(first read: Acts 20: 7-12)
This passage (or pericope if you read this past Friday’s Just a Thought) seems to be a somewhat obscure passage from the Book of Acts – it is seldom if ever preached on – even the commentaries in my library where the authors go through the Bible verse by verse explaining its background and what the passage is about, seem to deal with these verses almost out of necessity rather than because the commentators want to go into the depth and meaning of this section – they seem to want to get past it in a hurry and on to the meatier sections of Acts.
I will admit that this passage does get mentioned on occasion at workshops for preachers – as a reminder of what not to do. But otherwise it just generally gets ignored. However, I find this to be a fascinating passage; first – because it has that unmistakable flavor of being an eyewitness account. I mean why in the world would this passage be there otherwise? Luke, who is the author of what we call the Book of Acts (it is actually a personal letter to a man name Theophalus), was there – and you can tell that this isn’t just some information that he is passing on about something that someone told him about – you can sense that he was really there and remembers this event.
As a preacher – to be honest – I find this passage to be very, very comforting – how wonderful it is to know that even St. Paul could put them to sleep on occasion in the midst of the sermon. Comforting indeed! I can say categorically, however, that I’ve never had any one fall out a window and die in the middle of my sermons!
Let’s recap the account. It is Sunday – and the Christians of Troas – which is a city in Greece – have gathered together for worship. Now on this particular occasion they are gathering together in the evening rather than the morning because many members of the early Christian church were slaves or servants and they were not free from their duties early in the day – and thus they were not able to gather together until late – until evening.
This particular service was going to be a very special one for the Troas church – Paul the Apostle is in town on his way back to the Holy Land and he’s the guest speaker. They begin with a meal together and after prayers and song – Paul begins to preach and teach – and he goes on – and on – and on – and on –there is just so much to share – and on and on and on and on. The room is getting a bit stuffy from the large number of people present – extra large crowd tonight – and on and on and on and on and the oil lamps are burning to give off the light – and you can smell the aroma in the air – and on and on and on and on.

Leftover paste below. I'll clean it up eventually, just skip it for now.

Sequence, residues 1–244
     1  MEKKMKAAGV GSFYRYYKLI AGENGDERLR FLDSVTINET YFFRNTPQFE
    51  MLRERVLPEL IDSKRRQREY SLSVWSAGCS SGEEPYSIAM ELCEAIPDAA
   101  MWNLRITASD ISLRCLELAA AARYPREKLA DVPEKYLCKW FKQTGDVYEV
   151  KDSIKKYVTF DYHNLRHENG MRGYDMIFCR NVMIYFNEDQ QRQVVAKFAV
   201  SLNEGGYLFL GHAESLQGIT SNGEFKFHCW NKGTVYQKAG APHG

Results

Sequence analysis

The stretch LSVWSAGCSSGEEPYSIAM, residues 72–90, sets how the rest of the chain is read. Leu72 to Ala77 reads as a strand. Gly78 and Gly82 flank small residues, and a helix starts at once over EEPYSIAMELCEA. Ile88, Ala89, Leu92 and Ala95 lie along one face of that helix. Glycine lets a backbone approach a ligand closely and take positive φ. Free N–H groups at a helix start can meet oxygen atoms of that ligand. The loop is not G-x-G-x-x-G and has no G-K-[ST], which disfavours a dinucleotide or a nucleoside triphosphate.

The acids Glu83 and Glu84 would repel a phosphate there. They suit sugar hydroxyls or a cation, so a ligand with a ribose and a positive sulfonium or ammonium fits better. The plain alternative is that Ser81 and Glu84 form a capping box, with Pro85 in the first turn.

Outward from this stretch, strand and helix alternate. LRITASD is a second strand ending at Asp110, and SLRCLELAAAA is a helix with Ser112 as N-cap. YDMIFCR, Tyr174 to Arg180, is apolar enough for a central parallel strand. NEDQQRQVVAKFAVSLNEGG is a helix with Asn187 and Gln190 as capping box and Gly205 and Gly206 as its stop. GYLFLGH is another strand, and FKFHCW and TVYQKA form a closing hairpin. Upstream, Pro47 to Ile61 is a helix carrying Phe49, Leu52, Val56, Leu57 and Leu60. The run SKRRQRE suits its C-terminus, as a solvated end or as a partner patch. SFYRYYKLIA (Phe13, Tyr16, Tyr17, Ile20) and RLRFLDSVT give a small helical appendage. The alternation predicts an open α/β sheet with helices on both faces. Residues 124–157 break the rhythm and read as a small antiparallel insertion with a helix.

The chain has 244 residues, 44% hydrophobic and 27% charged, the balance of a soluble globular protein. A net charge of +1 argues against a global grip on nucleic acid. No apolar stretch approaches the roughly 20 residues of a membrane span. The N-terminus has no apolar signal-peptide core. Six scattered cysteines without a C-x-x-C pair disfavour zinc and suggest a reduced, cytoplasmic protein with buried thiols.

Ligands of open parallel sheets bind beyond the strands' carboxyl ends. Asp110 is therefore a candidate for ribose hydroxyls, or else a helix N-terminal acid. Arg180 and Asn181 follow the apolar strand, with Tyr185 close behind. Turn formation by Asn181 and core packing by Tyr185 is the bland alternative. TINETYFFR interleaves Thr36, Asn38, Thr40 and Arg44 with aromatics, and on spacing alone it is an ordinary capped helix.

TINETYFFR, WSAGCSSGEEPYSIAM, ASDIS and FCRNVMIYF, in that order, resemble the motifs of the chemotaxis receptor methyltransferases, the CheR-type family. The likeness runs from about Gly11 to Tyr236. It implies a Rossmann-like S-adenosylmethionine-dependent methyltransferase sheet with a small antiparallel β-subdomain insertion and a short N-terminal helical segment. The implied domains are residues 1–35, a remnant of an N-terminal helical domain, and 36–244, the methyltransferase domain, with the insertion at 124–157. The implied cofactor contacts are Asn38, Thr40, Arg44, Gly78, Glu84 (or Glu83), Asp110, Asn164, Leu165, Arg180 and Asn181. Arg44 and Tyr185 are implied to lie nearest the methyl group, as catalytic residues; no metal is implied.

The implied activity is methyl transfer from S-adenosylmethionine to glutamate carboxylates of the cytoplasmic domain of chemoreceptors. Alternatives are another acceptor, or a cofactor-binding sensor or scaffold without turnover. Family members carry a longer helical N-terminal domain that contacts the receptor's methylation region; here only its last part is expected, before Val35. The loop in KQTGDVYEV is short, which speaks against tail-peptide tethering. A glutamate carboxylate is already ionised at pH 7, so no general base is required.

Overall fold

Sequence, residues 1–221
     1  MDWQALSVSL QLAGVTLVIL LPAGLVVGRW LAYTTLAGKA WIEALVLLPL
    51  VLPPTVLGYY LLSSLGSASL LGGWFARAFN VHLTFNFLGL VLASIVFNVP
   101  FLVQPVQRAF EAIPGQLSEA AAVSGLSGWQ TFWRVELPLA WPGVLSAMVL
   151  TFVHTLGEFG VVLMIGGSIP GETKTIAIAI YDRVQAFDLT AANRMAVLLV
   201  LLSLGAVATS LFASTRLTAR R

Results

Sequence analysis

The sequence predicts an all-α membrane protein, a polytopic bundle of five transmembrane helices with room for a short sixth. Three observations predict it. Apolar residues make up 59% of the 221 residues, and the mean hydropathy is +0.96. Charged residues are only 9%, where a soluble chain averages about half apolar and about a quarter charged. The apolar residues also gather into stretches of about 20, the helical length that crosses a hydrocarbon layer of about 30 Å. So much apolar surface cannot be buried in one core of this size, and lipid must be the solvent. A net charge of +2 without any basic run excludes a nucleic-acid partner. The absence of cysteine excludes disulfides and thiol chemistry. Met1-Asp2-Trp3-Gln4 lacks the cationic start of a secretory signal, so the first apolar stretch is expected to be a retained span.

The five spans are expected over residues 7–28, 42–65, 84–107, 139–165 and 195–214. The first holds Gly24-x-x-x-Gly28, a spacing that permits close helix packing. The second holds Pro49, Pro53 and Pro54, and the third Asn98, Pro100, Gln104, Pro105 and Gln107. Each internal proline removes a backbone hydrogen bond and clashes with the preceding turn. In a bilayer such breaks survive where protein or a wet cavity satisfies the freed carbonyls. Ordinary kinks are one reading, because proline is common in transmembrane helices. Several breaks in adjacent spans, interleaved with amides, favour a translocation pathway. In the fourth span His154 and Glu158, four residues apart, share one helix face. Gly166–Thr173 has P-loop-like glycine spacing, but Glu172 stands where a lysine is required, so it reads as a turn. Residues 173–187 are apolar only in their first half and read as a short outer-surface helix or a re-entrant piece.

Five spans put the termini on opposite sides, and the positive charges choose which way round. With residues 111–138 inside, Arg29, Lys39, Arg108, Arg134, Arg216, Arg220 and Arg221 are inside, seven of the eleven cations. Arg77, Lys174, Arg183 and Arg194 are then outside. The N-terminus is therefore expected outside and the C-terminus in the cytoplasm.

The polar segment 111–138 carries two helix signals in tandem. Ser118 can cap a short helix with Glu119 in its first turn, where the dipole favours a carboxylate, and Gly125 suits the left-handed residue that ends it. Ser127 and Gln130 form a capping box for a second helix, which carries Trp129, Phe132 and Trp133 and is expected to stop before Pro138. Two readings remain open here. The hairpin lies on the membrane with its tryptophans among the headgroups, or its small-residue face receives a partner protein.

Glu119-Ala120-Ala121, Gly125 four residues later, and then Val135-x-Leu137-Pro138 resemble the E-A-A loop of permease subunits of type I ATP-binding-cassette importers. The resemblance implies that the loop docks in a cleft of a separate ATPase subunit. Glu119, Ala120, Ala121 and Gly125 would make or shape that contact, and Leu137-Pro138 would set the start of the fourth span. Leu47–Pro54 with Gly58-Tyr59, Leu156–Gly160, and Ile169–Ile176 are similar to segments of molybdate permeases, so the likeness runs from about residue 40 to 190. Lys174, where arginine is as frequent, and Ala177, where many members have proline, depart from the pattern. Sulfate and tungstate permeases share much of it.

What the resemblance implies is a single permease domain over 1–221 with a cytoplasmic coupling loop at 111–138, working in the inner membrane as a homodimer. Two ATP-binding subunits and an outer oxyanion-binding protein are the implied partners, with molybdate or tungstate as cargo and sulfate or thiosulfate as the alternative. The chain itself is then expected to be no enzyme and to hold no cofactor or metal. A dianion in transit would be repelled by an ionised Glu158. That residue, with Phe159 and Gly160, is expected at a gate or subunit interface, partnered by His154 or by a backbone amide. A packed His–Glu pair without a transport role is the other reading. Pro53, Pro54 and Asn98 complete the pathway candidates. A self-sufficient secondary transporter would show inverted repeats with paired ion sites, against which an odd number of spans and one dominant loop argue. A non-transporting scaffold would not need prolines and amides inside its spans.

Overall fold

And a young man name Eutychus climbs up in a hole in the wall – now I know that it says that it was a window – and when we think of windows we think of glass windows – but they did not use glass in those days – the window was just simply a good sized hole in the wall placed in such a way as to catch a fresh breeze. Eutychus is happy there for a while – but eventually it just becomes too much for him – the stuffy room – the long day’s work – the fresh night air – the odor from the lamps – Paul’s oratory skills that go on and on – and as he becomes a little bit bored with the whole thing –before he knows what is happening to him – he falls asleep and right out the window – the third story window!! And verse nine tells us that he was picked up dead.
Fortunately this passage goes on to have a happy ending because Paul acts to revive the young man – but I would expect that this was the last time Eutychus ever fell asleep in Church! Luke then shares a rather mundane detail for he writes that they gave him something to eat and then Paul goes back to preaching and teaching until the morning. That really was quite a sermon!
Now other than a reminder as to why we shouldn’t fall asleep in church –you might wonder what there is about Eutychus that I would want to focus on him this day. I happen to think that Eutychus is the patron Saint of a great number of people, in fact you might even say that he is the patron saint of our culture right now – because Eutychus stands out as the patron saint of boredom – a man whose slogan in life is “Won’t someone please entertain me!”